Dean and Britta, Cheval Sombre

Miss Fliss 17/11/2009

Sonic Cathedral is a deftly crafted clubnight. It works so well because there was a genuine need for it; music for music's sake, no code of cool, no cliquey nonsense, just beautiful songs - a great deal of which you've never been exposed to, are thrilled to hear and can't wait to investigate further. St Giles in the Fields church in London is an ideal venue for the night - gives it the reverance it deserves. The subdued setting means we all have to sit and concentrate on the music; the forward-facing pews mean you don't have to face your fellow gig-goers and puts hold on any scope of pretentious posing; and the lack of a bar means we can only get giddy on the music.

For all its advertisement of being a 'shoegaze' night, there was nary a shoegaze song in earshot. Tonight was delight in the quiet - so the gentler moments of The Velvet Underground, a dash of the sparsity of Beat Happening, an odd John Lennon song, and hordes of holy jangly, sad, sweet, 60s sounding stuff. This is all a great cue for the arrival of one-time Spacemen 3 man, Sonic Boom (AKA Peter Kember, lest we forget), with his new outfit Cheval Sombre, who sound as laidback and lazily stoned as his famed work of the 90s. It's all a little soporific, but sweetly so.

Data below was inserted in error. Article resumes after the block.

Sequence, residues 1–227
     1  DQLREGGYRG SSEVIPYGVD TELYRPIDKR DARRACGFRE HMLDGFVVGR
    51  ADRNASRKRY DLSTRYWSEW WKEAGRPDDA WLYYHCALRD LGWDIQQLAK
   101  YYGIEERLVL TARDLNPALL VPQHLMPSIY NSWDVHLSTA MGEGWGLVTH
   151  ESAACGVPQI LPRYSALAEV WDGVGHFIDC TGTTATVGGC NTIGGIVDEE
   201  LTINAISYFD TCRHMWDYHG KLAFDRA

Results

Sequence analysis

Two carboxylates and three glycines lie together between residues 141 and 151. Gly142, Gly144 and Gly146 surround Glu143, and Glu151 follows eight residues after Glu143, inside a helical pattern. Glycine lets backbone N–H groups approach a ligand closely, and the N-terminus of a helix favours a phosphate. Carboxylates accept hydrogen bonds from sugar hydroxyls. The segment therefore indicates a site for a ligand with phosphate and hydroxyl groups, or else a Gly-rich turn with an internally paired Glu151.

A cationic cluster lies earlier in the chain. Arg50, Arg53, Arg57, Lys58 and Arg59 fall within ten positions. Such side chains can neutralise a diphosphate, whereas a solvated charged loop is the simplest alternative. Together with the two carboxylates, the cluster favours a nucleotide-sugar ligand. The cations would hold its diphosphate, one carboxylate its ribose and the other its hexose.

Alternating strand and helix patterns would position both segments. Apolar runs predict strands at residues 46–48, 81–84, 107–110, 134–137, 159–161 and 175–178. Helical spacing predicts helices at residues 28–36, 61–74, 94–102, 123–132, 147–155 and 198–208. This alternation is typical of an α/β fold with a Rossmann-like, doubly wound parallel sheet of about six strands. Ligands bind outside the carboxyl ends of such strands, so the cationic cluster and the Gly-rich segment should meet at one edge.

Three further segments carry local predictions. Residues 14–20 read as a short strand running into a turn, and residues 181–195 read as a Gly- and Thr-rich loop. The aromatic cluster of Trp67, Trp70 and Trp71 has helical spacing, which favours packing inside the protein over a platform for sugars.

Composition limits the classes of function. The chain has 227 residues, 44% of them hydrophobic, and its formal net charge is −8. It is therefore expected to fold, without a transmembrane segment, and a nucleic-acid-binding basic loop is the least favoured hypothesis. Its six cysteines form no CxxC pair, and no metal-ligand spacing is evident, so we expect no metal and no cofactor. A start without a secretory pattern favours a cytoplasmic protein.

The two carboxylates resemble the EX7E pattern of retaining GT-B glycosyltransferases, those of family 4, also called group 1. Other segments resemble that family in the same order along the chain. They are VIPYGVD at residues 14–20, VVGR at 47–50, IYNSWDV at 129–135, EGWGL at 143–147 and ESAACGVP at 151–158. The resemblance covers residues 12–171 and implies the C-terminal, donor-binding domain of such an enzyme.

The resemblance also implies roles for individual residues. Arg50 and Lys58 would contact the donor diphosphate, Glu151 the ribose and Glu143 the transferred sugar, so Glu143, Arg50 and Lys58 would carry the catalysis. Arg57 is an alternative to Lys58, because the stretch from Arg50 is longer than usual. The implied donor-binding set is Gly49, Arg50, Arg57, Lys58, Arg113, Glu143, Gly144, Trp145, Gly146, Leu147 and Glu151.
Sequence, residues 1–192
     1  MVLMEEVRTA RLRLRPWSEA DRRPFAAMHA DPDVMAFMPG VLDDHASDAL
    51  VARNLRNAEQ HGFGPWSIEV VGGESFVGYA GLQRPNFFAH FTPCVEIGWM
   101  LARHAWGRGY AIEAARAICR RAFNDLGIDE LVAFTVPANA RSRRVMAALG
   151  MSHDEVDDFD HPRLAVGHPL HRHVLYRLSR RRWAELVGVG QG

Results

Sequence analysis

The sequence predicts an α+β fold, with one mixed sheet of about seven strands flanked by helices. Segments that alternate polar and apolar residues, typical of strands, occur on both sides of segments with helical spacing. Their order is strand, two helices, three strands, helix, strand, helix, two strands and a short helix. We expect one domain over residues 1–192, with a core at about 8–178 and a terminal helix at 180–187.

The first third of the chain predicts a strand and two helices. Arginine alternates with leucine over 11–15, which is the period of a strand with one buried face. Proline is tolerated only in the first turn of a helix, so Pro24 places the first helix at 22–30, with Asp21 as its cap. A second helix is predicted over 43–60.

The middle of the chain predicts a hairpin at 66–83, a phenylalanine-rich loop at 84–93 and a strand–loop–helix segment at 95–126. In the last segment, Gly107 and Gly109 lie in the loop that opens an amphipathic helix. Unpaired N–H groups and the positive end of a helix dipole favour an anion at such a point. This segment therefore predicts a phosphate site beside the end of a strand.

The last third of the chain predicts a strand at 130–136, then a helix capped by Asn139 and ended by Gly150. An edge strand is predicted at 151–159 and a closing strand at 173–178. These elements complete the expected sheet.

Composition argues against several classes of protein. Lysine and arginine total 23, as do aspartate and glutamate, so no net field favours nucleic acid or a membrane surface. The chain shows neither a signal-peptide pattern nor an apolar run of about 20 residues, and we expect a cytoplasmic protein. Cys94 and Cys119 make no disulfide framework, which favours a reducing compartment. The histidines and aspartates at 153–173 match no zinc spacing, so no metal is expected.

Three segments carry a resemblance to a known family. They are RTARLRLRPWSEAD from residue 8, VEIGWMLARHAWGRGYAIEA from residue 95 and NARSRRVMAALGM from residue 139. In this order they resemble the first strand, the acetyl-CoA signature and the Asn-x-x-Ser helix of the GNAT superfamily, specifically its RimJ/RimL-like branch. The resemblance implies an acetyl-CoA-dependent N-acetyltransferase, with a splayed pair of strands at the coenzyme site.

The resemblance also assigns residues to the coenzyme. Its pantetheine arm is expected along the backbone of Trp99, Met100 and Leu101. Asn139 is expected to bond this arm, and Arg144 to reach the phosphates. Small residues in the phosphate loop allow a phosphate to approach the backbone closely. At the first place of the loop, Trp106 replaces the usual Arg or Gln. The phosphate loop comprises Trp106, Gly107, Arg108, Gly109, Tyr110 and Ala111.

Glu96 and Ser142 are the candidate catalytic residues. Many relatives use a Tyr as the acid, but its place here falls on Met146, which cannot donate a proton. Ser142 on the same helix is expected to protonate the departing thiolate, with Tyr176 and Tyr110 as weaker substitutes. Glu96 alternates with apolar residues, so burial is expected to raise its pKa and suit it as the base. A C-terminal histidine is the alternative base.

I was here to worship ex-Galaxie 500 singer/guitarist, Dean Wareham, with his Dean and Britta project. I love what he's doing with this project and thoughts of his old material are far from my mind. There's a shimmy and a jangle here and there, other times a Korg organ lends the closest we get tonight to a real church service, and I found it all enrapturing. There is the danger of veering into a dulling of the senses - it's all so slow and gentle - but it's actually hypnotic. That voice of Dean's holds it all together, how it wavers and shoots from a real note to some offbeat not-quite-painful one, and how strangely eery it could become if you let it; but it's always sounded weirdly pretty to me. There are enough Neil Young impersonators out there, and pitch-non-perfects (think the likes of Wayne Coyne and Jonathan Donahue which I find terribly grating at times), but Dean's voice is at once jarring and soaring, and above all mystical.

Suddenly, on the night, Snowstorm rang out its beautiful chords and precious vocals, it was absolutely perfect, and no other venue would have held it as magnificently as this gold-ceilinged church. Then we were hit with another old Galaxie 500 song, and I concluded that I could now die happy.